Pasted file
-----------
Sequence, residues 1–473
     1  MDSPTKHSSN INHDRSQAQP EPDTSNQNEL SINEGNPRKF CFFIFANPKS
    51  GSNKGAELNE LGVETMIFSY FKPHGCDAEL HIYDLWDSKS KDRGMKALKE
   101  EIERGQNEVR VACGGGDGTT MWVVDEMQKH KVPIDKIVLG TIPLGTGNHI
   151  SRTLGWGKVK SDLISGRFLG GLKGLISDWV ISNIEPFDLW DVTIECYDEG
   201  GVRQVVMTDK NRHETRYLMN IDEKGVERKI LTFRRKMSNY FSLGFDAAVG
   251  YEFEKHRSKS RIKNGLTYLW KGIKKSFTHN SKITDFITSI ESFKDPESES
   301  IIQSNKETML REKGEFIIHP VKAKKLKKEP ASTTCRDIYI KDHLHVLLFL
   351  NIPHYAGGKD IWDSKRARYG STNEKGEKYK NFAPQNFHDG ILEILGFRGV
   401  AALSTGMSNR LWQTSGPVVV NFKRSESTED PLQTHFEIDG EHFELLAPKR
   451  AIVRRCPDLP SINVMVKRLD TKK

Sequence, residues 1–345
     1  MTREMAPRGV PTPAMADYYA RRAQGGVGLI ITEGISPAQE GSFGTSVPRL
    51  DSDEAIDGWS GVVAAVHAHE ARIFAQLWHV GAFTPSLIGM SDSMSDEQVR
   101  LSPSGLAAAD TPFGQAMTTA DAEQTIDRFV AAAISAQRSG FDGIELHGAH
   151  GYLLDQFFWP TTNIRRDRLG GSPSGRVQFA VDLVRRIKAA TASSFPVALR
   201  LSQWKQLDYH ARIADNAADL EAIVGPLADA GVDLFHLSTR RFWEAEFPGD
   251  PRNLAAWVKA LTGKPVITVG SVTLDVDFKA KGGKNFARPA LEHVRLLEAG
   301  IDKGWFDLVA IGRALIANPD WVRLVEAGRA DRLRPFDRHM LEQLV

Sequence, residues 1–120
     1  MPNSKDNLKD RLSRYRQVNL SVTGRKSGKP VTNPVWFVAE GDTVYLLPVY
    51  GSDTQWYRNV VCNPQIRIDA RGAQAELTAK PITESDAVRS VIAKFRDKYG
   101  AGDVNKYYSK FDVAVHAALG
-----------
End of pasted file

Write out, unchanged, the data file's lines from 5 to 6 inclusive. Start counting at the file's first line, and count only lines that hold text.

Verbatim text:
   151  SRTLGWGKVK SDLISGRFLG GLKGLISDWV ISNIEPFDLW DVTIECYDEG
   201  GVRQVVMTDK NRHETRYLMN IDEKGVERKI LTFRRKMSNY FSLGFDAAVG